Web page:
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Conference Program
 
Epigenetics
Mechanisms, Development and Disease
August 7-12, 2011
Stonehill College
Easton, MA

Epigenetic phenomena have long baffled biologists, comprising cases in which genes or gene products display variable and often unpredictable patterns of expression that cannot be explained by mutations. Some epigenetic phenomena occur as part of normal development, including mechanisms for balancing the expression of genes on sex chromosomes whose dosage differs in males and females, or mechanisms that limit expression of genes inherited from one parent or the other. However, other epigenetic phenomena are stochastic, yet stable, leading to changes that are strongly implicated in disease states, including cancer. Most epigenetic phenomena are chromosomal in nature and involve gene silencing caused by chemical modifications of the DNA or the chromatin proteins that organize the DNA. Some of these modifications can be modulated by environmental influences, including diet or environmental toxins, and can affect gene-expression states for multiple generations. Other epigenetic phenomena involve shape-shifting proteins that can convert to a so-called prion state and cause identical proteins in the cell to change shape as well.

Because the study of epigenetics explores scientific realms beyond the determination of chromosome sequences of model organisms, it is one of the most exciting and fastest growing research areas within the fields of genetics and developmental biology. Remarkable progress elucidating the molecular mechanisms behind epigenetic gene regulation has been made in the past few years. The diverse mechanisms that contribute to epigenetic processes include DNA methylation, histone post-translational modifications, DNA elimination and rearrangements, protein-protein interactions, RNA-mediated gene silencing, physical interactions among genes and the three-dimensional organization of chromosomes within the nucleus. At the 2011 Epigenetics Gordon Research Conference, leading researchers from around the world will discuss these, and many other, aspects of epigenetic regulation in diverse species, including mammals, plants, fungi, ciliates, worms and insects.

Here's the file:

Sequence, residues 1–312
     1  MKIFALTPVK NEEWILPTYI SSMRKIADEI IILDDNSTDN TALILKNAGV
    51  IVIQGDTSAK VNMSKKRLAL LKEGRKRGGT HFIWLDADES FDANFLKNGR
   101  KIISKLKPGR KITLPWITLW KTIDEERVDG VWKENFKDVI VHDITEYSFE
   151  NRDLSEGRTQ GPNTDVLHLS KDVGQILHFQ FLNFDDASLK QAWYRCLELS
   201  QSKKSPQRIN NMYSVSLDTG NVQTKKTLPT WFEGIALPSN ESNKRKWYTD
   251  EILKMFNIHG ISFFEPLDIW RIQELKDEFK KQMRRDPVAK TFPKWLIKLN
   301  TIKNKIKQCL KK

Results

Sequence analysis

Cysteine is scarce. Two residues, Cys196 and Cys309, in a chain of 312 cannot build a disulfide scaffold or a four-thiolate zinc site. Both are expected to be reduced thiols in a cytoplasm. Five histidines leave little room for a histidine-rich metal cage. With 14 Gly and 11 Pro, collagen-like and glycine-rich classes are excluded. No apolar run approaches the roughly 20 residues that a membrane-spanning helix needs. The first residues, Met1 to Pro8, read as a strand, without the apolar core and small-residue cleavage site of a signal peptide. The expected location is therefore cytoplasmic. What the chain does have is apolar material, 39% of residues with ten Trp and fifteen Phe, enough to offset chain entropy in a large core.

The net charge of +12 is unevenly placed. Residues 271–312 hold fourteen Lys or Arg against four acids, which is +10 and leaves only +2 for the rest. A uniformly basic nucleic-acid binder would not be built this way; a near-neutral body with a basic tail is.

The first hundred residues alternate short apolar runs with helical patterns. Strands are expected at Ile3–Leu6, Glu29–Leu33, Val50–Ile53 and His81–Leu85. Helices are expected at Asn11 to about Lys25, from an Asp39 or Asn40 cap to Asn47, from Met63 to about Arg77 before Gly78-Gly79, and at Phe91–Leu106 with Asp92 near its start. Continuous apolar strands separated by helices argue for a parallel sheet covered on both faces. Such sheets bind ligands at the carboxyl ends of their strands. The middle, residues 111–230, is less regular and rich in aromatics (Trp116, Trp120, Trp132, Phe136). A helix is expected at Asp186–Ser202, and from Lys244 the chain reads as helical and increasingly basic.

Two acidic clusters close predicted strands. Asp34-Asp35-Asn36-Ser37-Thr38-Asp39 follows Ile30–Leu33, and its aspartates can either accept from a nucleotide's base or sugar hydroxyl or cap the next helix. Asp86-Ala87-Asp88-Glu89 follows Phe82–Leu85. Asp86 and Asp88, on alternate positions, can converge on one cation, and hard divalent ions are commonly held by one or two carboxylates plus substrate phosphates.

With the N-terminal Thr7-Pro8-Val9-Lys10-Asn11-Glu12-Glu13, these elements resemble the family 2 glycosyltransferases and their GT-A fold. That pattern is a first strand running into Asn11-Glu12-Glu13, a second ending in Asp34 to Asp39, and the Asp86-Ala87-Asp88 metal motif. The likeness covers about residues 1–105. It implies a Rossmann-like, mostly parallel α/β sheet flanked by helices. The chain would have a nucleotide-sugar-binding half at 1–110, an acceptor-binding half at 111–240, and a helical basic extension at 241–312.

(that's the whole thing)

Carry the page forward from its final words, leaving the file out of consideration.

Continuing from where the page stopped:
Contributors

SUNDAY
2:00 pm - 9:00 pmArrival and Check-in (Office Closed 6:00 pm - 7:00 pm)
6:00 pmDinner
7:30 pm - 7:40 pmWelcome / Introductory Comments by GRC Site Staff
7:40 pm - 9:30 pmEpigenetic mechanisms I: DNA methylation
Discussion Leader: Jean Finnegan (CSIRO)
7:40 pm - 7:50 pmIntroduction
7:50 pm - 8:10 pmSteve Jacobsen (UCLA)
"Epigenetics and epigenomics in Arabidopsis"
8:10 pm - 8:15 pmDiscussion
8:15 pm - 8:35 pmEric Selker (University of Oregon)
"Control of DNA methylation and heterochromatin formation in Neurospora""
8:35 pm - 8:40 pmDiscussion
8:40 pm - 9:00 pmTim Bestor (Columbia University)
"Abnormally methylated regions (AMRs) in human disease"
9:00 pm - 9:05 pmDiscussion
9:05 pm - 9:25 pmDan Zilberman (University of California, Berkeley)
"DNA methylation dynamics in Arabidopsis"
9:25 pm - 9:30 pmDiscussion
MONDAY
7:30 am - 8:30 amBreakfast
9:00 am - 12:30 pmEnvironment, aging, neurological and behavioral epigenetics
9:00 am - 9:10 amDiscussion Leader: Ting Wu (Harvard University)
9:10 am - 9:30 amAnne Brunet (Stanford University)